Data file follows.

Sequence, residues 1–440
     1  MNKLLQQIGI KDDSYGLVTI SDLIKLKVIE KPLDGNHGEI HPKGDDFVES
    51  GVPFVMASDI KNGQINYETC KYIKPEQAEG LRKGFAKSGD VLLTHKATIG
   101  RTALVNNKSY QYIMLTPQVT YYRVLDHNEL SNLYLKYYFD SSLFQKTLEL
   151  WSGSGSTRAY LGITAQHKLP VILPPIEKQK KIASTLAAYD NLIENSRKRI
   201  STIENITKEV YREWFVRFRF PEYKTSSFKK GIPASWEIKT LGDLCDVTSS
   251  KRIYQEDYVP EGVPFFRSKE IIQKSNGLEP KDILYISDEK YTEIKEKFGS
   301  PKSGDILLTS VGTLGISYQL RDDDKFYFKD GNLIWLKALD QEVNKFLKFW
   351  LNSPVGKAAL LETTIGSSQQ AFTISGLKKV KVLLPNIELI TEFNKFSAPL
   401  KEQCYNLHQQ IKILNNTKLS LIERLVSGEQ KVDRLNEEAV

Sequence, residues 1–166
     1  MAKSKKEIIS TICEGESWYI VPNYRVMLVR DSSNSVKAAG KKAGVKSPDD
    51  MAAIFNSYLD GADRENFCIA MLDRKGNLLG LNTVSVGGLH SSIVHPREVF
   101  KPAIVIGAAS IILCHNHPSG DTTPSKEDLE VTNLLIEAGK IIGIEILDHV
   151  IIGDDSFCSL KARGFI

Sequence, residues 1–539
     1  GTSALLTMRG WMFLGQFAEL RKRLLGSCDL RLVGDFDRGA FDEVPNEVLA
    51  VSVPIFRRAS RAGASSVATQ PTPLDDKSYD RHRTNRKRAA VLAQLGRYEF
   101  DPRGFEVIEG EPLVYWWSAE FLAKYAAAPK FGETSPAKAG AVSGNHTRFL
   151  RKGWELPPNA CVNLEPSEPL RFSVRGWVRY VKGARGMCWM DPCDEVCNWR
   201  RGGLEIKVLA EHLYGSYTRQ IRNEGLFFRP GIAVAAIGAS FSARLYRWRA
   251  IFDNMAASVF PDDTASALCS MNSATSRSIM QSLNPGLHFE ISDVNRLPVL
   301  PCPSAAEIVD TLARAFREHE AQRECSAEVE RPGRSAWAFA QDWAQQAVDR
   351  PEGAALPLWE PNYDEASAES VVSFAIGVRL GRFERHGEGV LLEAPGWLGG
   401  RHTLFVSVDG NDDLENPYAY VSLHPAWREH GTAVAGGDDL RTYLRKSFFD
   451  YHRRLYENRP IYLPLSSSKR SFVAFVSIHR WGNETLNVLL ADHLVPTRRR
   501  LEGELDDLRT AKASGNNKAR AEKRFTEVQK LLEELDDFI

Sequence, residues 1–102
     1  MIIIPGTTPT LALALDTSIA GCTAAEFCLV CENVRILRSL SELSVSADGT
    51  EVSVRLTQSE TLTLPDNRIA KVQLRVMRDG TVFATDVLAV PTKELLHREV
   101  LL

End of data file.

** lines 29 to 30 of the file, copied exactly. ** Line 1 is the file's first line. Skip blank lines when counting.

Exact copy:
     1  MIIIPGTTPT LALALDTSIA GCTAAEFCLV CENVRILRSL SELSVSADGT
    51  EVSVRLTQSE TLTLPDNRIA KVQLRVMRDG TVFATDVLAV PTKELLHREV